Hill Auditorium

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Hill Auditorium
Hill Auditorium 2010.jpg
Hill Auditorium in spring.
Location Ann Arbor, Michigan
Owner University of Michigan
Type auditorium
Capacity 3,500
Construction
Opened 1913
Renovated 2002-2004
Website
www.music.umich.edu

Hill Auditorium is the largest performance venue on the University of Michigan campus, in Ann Arbor, Michigan. The auditorium was named in honor of Arthur Hill (1847-1909), who served as a regent of the university from 1901 to 1909. He bequeathed $200,000 to the university for the construction of a venue for lectures, musical performances, and other large productions. Opened in 1913, the auditorium was designed by Albert Kahn and Associates. It was recently renovated by the same firm beginning in 2002 and was re-opened in 2004.

With seating for up to 3,538 (originally 4,100 prior to the 2004 renovation) audience members, Hill is one of the most popular venues for large productions on campus. The building routinely hosts performances given by the School of Music's various ensembles, including the University of Michigan Symphony Orchestra, University of Michigan Philharmonia Orchestra, University of Michigan Concert Band, University of Michigan Symphony Band, and University of Michigan Choirs, as well as the mostly non-major ensembles such as the University of Michigan Arts Chorale, the Campus Symphony Orchestra, Campus Bands, the Michigan Marching Band, and the Men's Glee Club and Women's Glee Club. The auditorium is also host to the Detroit Catholic Central High School graduation each May.

Hill Auditorium Winter

Hill Auditorium's acoustics have been widely praised. The University of Michigan website that describes the recent $33.5 million Hill Auditorium refurbishing and restoration states:

"When it opened in 1913, Hill Auditorium was hailed as a 'monument to perfect acoustics.' The excellent acoustics, a result of collaboration by architect Albert Kahn with noted acoustical engineer Hugh Tallant, are known world-wide and have made the auditorium a favorite venue for legions of famous musicians and other artists, as well as numerous noted speakers."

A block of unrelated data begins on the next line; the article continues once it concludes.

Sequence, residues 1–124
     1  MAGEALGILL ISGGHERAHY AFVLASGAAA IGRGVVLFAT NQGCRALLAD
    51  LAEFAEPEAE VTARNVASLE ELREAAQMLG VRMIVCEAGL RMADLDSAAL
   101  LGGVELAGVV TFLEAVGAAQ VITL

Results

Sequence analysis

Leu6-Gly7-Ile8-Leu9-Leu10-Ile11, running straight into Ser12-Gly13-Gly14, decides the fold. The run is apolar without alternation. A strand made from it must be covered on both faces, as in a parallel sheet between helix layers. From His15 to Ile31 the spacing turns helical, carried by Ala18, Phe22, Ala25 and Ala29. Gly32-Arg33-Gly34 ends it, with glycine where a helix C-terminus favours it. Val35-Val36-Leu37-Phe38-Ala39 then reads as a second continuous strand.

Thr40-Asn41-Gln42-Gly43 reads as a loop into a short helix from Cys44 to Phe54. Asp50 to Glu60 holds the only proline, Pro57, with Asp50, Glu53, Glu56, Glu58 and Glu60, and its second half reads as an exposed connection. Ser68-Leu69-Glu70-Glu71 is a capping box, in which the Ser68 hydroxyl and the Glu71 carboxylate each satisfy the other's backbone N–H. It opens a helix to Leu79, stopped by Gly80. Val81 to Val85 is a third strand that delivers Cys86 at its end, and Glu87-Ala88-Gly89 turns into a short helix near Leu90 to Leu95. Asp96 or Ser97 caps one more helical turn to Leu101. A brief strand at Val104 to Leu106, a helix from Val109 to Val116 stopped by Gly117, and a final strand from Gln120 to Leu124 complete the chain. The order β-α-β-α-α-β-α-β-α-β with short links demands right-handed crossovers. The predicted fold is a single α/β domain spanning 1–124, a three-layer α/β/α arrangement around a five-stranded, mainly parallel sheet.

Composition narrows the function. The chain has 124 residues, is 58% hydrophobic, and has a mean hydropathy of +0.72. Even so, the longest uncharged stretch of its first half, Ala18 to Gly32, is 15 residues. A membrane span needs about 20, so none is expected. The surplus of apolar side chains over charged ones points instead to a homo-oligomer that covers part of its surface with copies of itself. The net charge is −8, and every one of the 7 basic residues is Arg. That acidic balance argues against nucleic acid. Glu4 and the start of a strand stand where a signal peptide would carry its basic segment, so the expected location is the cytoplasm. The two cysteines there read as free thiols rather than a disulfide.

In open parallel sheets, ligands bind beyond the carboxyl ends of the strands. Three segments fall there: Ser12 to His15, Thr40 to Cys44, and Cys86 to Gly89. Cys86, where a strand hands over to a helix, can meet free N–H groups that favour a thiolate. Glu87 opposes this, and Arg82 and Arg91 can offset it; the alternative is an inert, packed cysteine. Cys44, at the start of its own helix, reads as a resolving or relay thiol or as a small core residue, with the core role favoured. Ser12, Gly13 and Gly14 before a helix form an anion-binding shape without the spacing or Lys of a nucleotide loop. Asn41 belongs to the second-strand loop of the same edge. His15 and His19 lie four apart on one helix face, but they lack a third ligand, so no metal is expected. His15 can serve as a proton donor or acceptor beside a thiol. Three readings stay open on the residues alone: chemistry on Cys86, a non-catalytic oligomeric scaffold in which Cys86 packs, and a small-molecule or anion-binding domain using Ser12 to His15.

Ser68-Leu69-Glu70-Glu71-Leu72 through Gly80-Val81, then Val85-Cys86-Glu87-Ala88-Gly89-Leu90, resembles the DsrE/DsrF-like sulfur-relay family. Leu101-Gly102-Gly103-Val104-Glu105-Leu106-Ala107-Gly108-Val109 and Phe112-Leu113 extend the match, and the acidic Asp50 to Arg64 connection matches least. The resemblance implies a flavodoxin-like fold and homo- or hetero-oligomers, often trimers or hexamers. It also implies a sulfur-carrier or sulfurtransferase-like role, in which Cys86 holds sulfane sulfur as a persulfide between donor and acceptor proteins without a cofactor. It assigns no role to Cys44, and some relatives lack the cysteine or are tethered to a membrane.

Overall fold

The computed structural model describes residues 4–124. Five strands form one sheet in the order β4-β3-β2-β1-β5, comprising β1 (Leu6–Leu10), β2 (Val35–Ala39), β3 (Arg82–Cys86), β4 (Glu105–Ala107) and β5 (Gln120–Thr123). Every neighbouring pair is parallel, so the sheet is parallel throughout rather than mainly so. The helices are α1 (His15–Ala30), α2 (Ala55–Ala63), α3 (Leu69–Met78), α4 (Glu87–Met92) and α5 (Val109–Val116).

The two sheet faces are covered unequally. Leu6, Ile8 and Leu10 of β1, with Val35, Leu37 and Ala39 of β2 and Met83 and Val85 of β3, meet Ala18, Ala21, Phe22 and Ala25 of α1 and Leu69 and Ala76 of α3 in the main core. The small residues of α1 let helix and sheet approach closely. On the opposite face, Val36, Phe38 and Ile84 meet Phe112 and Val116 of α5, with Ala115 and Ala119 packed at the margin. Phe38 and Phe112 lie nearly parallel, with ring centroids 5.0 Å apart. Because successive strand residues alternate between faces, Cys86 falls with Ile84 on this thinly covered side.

"Careful attention will be given throughout the renovation to maintaining the acoustic quality of Hill, said Henry Baier, associate vice president for facilities and operations. In addition, further work will be done to reduce street and lobby noise by building a “sound lock” between the lobby and the auditorium." (From: http://www.umich.edu/~urel/hill/pr.html)

Michigan's University Musical Society presents performances of many world-renowned artists at Hill Auditorium.

The hall's unique oval-shaped stage has seen performances by Rachmaninoff, the Denishawn Dance Company, The Vienna Philharmonic, The Cleveland Orchestra, New York Philharmonic, London Philharmonic Orchestra, The Chamber Orchestra of Philadelphia, The Lahti Symphony Orchestra, Ravi Shankar, Anne Sofie von Otter, Audra McDonald, The Kremerata Baltica, The Israel Philharmonic Orchestra, The Lincoln Center Jazz Orchestra, Enrico Caruso, Joan Sutherland, Robert Frost, Jysse Norman, Van Cliburn, Yo-Yo Ma, Vladimir Horowitz, Helen Hayes, Cecelia Bartoli, Eugene Ormandy, Leonard Bernstein, Isaac Stern, Benny Goodman, Harry Chapin, Dave Brubeck, Jack DeJohnette, The Leipzig Gewandhaus Orchestra, Louis Lortie, The Oslo Philharmonic Orchestra, Wynton Marsalis, Elton John, The Grateful Dead, and Lupe Fiasco among others. [1]

Design concept[edit]

Carol Rose Kahn, the architect’s granddaughter recounted that her grandfather had set out to develop a hall with perfect acoustics. The brief was to design an auditorium that would seat five thousand people, where they could hear from every seat. The only known previous example was the Mormon Tabernacle where, it was said that one could hear a pin drop from the stage to the top balcony, although the chamber suffered from excess reverberation.

Being aware that only one man in the country who was pre-eminent at that time – Hugh Tallant, partner of Henry Beaumont Herts – Kahn wrote to ask him if it would be possible to build an auditorium for five thousand people, where they'd hear from every seat. Tallant responded, but only after several months had elapsed, to the affirmative; so Tallant designed the acoustics. The result was an auditorium in the shape of a megaphone. The granddaughter said: "Hill Auditorium was nearly finished when I was fourteen or so. My father and I went out to Ann Arbor. Father stood up in the last seat of the second balcony, and I went down on the stage. On my word of honor, I dropped a pin and he heard it."[2]

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Coordinates: 42°16′44″N 83°44′20″W / 42.27896°N 83.73899°W / 42.27896; -83.73899